Cyclin-dependent kinase 4/6 inhibitors (CDK4/6i) in combination with backbone endocrine therapy have markedly improved progression-free survival and overall survival over endocrine therapy alone in advanced hormone receptor-positive, HER2-negative (HR+/HER2-) breast cancer and are the standard of care in the first- or second-line setting. There are few data to drive decision making for subsequent treatment strategies after inevitable disease progression after CDK4/6i. Information about the genomic landscape of CDK4/6i-resistant disease is emerging. Resistance mechanisms appear to be varied, but mutations in PIK3CA and ESR1, which can be acquired while receiving treatment, are frequent. Activating PIK3CA mutations are present in up to 35% of patients and are now the most actionable genomic alteration in HR+/HER2- advanced breast cancer with the recent approval of alpelisib and fulvestrant. Everolimus-based combinations and chemotherapy appear to have continued efficacy after progression while receiving CDK4/6i, although historical data on benefit include CDK4/6i-naive patients. Use of selective estrogen down-regulators over aromatase inhibitors is best once the patient has an acquired ESR1 mutation. Tumor biopsy with genomic sequencing and repeat biomarker analysis in patients with CDK4/6i- and endocrine-resistant disease will be integral to guide subsequent treatment strategies and to inform clinical trial eligibility. Promising novel therapeutics in CDK4/6i-resistant disease including oral selective estrogen down-regulators, fibroblast growth factor receptor antagonists, and immunotherapy will be discussed.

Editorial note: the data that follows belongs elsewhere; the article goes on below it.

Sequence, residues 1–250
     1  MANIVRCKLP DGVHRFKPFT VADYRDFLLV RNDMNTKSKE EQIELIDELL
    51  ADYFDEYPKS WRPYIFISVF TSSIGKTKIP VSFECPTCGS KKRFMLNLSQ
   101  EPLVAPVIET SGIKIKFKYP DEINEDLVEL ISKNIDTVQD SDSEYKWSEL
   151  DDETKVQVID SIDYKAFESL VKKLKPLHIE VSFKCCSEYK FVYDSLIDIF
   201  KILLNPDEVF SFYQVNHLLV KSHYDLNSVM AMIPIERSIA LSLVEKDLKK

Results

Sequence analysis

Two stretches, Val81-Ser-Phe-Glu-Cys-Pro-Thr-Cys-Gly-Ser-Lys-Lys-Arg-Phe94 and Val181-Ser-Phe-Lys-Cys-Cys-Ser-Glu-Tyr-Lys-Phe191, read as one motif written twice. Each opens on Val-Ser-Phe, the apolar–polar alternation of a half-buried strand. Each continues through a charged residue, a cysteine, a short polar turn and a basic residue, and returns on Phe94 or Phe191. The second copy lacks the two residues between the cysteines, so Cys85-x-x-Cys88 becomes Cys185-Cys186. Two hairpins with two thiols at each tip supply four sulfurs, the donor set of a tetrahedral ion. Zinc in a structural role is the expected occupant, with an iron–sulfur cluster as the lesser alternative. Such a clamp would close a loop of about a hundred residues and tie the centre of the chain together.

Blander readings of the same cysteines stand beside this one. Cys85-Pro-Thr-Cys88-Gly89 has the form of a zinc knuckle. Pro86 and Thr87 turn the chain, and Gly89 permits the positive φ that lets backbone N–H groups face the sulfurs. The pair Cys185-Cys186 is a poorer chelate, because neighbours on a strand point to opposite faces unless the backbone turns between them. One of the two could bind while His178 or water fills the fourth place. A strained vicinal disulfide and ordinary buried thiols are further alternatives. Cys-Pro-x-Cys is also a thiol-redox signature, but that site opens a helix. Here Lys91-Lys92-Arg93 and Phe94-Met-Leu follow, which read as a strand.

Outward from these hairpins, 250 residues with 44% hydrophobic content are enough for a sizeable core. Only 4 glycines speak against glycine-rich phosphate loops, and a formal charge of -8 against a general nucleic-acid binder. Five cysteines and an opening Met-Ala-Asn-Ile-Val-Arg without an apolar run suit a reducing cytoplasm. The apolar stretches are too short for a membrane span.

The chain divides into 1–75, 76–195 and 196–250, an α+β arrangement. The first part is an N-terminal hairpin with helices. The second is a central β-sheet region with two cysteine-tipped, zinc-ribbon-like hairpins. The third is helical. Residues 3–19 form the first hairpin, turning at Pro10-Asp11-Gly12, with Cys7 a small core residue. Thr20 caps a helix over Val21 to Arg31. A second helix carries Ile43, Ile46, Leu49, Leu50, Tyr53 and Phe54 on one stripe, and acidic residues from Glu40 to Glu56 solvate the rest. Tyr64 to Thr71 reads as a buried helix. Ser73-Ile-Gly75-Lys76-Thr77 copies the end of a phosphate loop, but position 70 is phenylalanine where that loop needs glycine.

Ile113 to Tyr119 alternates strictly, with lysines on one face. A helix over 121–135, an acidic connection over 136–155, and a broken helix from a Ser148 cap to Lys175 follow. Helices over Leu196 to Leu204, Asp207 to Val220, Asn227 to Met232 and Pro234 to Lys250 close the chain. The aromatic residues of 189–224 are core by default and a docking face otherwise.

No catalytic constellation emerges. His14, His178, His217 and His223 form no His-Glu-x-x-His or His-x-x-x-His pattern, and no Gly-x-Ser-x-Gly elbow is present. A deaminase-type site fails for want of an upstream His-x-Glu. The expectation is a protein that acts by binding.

Authors
Sammons, S; Shastry, M; Dent, S; Anders, C; Hamilton, E
MLA Citation
URI
https://scholars.duke.edu/individual/pub1422662
PMID
31780379
Source
pubmed
Published In
Clin Breast Cancer
Published Date
DOI
10.1016/j.clbc.2019.06.017

The Promise of Immunotherapy for Breast Cancer Brain Metastases

© 2019, Springer Science+Business Media, LLC, part of Springer Nature. Purpose of Review: The goal of our review is to describe the rationale for immunotherapy in the treatment of breast cancer brain metastases (BCBM), the current landscape of clinical trials for this disease process, and possible future directions based on anticipated results. Recent Findings: Immune checkpoint inhibition has shown efficacy in the treatment of several solid tumor brain metastases (i.e., melanoma and non-small cell lung cancer), but data specific to BCBM is relatively sparse. Preclinical studies in BCBM have illustrated a lower immune content in the brain microenvironment measured by tumor-infiltrating lymphocytes (TILs) in brain metastases compared to primary tumors. Yet, improved outcomes are associated with higher TIL content in the BCBM, and strategies to understand and alter the complex brain immune microenvironment are needed. Summary of Findings: Based on observations in the non-breast cancer setting and early results in advanced breast cancer, it is likely that novel, strategic combination immunotherapy strategies will be needed to yield meaningful outcomes for BCBM patients. Some exciting concepts underway include novel immunotherapy combinations, concurrent stereotactic radiosurgery, bi-specific antibody armed activated T cells, and HER2-chimeric antigen receptor T cells for leptomeningeal disease.
MLA Citation
Sammons, S., et al. “The Promise of Immunotherapy for Breast Cancer Brain Metastases.” Current Breast Cancer Reports, Jan. 2019. Scopus, doi:10.1007/s12609-019-00335-1.
URI
https://scholars.duke.edu/individual/pub1422666
Source
scopus
Published In
Current Breast Cancer Reports
Published Date
DOI
10.1007/s12609-019-00335-1

Loss of stromal caveolin-1 expression predicts poor clinical outcome in triple negative and basal-like breast cancers